What is Beating the Blues?
Beating the Blues has eight sessions which each last about 50 minutes. Beating the Blues is based on CBT the most proven treatment for depression.
As you go through the program you will learn lots of things which will help you. But CBT is not just about receiving information – it's very important that you try to put into practice what you learn in every session.
So after each session there are things for you to do and think about as you go about your life. These are not difficult and the more of this ’homework’ you do the better you will feel.
CBT is not an instant cure but it is much more long lasting than drugs and other alternative treatments – precisely because it teaches you workable skills for life.
What will I Learn?
Beating the Blues will teach you to think differently about yourself and the things that happen to you.
It also gives you some 'doing techniques' which help you manage aspects of your life better.
The term 'Cognitive Behavioural Therapy' is just a therapists way of saying 'thinking and doing things differently'.
By the end of the program you will have learnt all about overcoming negative thoughts about yourself – even if you have had these for such a long time that they have become part of your 'inner beliefs' about yourself.
This is done in a session by session, step by step way so the more you do and the more 'homework' you do the better you will feel.
- Cognitive Behavioural Therapy (CBT)
Cognitive Behavioural Therapy (CBT), is the most effective psychological treatment for moderate and severe depression and helps you to:
- Reconsider how you think about yourself, the world and other people.
- Understand how what you do affects your thoughts and feelings.
An effective course of CBT can help you to change how you think (the "Cognitive" part) and what you do (the "Behavioural” bit). When put into practice these changes can help you to feel better.
CBT is one of several "talking treatments", but unlike some of the other methods, it focuses on the problems or difficulties that are affecting you now. Rather than focussing on the causes of your distress or symptoms from the past, CBT teaches you ways to improve your state of mind now and in the future.
- Computerised Cognitive Behavioural Therapy (CCBT)
Computerised CBT is simply CBT delivered by an interactive computer program.
The interactive program works with you, helping you to understand the tools and learn the techniques that will modify your thinking.
A good CCBT program will lead you through the various stages of therapy in exactly the same way a therapist would in face-to-face sessions.
An interactive CCBT program can respond to your particular circumstances, or your problem, and ensure that the training of new ways of thinking and behaving is completed at a pace you find comfortable.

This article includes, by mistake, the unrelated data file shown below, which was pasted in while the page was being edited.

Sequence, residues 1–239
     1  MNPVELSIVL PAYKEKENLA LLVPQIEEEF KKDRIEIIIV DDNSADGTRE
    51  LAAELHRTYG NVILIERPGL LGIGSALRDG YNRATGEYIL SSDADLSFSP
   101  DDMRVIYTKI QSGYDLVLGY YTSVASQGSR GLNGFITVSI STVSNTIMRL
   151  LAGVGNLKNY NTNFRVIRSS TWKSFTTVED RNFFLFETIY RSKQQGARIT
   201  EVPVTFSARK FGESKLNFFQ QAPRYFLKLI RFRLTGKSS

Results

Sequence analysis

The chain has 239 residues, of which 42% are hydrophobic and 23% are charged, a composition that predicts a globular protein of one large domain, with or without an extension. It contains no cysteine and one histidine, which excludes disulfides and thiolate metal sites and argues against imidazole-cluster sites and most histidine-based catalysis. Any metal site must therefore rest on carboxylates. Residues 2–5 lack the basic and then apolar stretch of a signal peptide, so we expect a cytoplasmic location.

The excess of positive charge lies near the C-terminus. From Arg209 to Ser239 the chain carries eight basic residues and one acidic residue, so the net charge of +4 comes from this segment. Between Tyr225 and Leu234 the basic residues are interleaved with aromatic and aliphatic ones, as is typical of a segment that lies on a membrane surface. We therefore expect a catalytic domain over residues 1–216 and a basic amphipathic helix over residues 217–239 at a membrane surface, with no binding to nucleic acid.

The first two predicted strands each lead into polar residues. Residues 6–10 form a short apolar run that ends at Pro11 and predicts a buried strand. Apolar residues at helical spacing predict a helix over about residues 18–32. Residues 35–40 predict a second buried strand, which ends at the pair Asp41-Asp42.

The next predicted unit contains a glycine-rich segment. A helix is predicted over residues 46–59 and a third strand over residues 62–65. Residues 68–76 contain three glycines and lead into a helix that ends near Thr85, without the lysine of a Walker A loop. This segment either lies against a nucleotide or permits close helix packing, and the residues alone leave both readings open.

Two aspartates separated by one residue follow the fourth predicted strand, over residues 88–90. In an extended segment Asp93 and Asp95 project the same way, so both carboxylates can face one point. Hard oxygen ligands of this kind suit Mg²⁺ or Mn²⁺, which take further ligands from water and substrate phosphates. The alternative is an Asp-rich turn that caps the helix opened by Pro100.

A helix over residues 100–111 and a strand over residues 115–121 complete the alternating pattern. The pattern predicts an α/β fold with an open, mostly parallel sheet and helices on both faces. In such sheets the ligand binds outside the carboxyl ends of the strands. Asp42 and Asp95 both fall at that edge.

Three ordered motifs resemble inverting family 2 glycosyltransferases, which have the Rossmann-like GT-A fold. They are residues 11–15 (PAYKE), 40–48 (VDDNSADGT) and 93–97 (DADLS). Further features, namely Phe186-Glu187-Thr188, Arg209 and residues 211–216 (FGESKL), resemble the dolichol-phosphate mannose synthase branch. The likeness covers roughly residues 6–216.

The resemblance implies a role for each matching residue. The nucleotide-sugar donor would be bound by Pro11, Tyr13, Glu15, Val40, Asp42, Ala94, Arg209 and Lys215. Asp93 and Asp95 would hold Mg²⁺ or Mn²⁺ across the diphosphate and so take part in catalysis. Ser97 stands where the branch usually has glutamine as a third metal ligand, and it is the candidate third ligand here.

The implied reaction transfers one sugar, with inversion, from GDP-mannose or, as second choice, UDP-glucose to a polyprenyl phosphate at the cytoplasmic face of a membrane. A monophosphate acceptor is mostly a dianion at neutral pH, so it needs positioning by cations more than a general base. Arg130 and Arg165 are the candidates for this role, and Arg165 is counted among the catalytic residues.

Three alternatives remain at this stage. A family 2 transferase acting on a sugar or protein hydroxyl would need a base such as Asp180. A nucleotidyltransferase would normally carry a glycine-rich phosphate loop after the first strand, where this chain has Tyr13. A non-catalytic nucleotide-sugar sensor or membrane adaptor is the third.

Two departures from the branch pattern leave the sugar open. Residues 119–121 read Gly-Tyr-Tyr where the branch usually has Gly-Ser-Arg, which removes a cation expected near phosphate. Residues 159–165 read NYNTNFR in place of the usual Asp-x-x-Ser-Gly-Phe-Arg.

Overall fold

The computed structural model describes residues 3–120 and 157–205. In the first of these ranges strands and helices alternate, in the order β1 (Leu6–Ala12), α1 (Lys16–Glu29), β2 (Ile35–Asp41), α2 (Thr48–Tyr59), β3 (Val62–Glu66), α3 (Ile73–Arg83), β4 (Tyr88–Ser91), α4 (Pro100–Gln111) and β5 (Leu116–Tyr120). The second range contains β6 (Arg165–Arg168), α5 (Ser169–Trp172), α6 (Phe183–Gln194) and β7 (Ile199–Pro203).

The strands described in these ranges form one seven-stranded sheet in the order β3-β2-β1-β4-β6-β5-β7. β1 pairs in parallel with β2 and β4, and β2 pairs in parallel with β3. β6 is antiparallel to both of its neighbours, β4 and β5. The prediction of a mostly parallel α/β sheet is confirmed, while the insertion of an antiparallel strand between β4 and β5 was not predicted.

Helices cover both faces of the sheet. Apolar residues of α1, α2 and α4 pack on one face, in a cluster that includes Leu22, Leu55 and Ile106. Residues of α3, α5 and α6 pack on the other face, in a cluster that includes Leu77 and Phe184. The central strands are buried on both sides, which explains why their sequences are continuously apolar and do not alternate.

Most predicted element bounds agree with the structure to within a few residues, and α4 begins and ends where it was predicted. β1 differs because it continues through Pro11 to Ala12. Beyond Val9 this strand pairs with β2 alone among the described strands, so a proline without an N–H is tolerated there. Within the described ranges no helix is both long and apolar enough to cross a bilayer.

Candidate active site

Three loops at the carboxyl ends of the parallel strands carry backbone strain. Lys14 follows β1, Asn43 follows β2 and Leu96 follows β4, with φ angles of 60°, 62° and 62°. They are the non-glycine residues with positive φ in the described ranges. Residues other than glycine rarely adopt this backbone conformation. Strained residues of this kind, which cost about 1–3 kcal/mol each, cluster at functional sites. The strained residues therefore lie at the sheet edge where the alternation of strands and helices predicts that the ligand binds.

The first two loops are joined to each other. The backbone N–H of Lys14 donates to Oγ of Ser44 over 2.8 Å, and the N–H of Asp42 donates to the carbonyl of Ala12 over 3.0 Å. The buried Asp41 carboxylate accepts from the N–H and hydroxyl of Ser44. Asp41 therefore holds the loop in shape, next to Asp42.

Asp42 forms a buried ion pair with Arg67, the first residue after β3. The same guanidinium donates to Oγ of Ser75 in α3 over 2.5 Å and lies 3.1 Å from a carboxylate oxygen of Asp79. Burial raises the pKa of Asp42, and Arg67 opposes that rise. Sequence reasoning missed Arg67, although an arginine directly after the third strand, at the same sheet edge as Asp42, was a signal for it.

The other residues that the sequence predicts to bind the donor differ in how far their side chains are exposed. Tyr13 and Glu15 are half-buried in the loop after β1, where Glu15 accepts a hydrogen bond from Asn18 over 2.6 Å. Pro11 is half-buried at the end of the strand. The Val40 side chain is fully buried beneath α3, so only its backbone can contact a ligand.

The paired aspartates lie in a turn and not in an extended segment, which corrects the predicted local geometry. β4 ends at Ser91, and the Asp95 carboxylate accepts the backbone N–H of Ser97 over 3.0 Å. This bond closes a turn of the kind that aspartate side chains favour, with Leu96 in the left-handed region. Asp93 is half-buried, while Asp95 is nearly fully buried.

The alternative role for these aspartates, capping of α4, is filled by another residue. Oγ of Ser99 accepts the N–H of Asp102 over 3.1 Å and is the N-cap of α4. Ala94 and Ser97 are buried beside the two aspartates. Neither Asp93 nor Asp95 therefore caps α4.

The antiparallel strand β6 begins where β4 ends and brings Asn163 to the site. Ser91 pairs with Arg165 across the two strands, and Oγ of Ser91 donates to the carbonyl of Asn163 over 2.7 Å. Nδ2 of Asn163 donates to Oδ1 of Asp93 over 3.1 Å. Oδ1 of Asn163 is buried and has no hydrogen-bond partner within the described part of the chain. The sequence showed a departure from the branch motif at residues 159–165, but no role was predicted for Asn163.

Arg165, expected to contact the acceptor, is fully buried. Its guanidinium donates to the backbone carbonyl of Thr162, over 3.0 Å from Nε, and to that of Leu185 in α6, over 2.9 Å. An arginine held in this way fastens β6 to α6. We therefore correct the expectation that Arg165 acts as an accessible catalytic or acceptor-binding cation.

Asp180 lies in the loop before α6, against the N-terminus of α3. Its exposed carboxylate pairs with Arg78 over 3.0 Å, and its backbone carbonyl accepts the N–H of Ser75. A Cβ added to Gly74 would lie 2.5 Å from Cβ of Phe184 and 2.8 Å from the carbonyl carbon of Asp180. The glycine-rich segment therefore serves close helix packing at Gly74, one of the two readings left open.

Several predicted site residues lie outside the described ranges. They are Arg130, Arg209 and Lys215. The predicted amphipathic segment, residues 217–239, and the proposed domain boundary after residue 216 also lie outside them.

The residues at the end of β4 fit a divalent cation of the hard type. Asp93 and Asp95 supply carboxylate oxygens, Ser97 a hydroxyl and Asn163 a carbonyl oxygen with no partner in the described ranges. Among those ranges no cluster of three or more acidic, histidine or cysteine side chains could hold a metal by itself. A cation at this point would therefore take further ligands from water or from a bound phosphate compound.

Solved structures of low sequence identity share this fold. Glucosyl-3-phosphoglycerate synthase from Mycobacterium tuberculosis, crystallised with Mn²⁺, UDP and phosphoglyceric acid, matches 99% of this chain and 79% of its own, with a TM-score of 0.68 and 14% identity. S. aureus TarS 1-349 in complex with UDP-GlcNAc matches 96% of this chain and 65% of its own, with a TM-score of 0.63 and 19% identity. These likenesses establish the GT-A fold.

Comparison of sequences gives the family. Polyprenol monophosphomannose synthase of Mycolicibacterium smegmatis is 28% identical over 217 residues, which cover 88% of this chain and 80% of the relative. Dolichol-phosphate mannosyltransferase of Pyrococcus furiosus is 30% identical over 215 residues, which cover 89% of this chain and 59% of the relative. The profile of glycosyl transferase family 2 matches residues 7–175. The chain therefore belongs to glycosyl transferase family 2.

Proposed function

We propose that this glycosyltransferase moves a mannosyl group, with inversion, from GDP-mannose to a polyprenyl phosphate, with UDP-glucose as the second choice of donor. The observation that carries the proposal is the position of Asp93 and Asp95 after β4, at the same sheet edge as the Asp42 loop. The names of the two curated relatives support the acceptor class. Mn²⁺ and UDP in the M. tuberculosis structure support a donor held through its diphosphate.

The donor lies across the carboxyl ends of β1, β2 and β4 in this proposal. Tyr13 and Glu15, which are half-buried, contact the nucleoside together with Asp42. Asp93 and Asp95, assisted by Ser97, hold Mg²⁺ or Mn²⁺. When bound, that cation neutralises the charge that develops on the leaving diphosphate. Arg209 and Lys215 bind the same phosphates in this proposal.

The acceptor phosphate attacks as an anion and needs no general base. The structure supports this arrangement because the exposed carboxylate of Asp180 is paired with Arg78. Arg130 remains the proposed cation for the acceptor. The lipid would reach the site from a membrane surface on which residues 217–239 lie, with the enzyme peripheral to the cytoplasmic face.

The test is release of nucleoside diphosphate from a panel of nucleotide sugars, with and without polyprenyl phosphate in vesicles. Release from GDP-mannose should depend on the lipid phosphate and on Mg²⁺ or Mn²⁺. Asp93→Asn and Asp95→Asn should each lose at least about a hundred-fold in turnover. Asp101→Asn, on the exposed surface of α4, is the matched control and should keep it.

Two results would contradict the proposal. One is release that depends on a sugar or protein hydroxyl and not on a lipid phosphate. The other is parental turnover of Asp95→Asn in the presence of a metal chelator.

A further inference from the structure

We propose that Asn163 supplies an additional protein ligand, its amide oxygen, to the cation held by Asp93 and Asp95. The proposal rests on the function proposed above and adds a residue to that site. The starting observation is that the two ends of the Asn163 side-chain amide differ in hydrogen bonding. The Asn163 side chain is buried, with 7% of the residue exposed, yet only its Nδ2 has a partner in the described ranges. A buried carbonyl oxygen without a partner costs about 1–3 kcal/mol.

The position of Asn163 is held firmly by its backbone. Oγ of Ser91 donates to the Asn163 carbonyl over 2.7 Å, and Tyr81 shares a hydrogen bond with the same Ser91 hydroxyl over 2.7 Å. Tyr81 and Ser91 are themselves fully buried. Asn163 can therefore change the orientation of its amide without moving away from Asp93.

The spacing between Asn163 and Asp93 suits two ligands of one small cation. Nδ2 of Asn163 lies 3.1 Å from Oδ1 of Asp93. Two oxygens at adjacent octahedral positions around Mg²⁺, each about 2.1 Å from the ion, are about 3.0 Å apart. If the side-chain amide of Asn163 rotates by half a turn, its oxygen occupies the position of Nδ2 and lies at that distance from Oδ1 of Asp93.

Some people prefer the anonymity that can only be achieved by working on a computer.
What is Depression?
The word depression is used to describe a range of moods - from low spirits to a severe problem that interferes with everyday life. People who are experiencing severe or 'clinical' depression are not just sad or upset.
The experience of depression is an overwhelming feeling which can make someone feel quite unable to cope, and hopeless about the future. If you are depressed you may lose your appetite and have difficulty sleeping. You can feel overwhelmed by guilt, and may even find yourself thinking about death or suicide.
There is often an overlap between anxiety and depression, in that if you are depressed you may also become anxious or agitated. Sometimes it is difficult to decide whether someone is responding 'normally' to difficult times, or has become clinically depressed.
A rough guide in this situation is that, "If your low mood affects all parts of your life (home, work, family, social activities), last for two weeks or more, and brings you to the point of thinking about suicide" (BMA 1998) then you may be experiencing clinical depression and you should seek some kind of help.
What is Anxiety?
Anxiety can be described as a feeling of discomfort or unease. Anxiety which continues for a long time can have a serious effect upon your ability to cope with everyday life.
You may not be able to identify a specific cause of your anxiety, although feelings of anxiety are often associated with particular places or events.
How do you know if you are anxious? The easiest signs of anxiety to recognise are physical changes, such as sweating, a racing heart, palpitations, or rapid breathing.
These changes are caused by an increase in adrenaline, the substance which is released by your body to help you get ready to deal with danger or escape from something. It is quite normal to feel anxious when you are facing something dangerous or difficult, but it is not usual to feel anxious all the time or to feel that anxiety is ruling your life.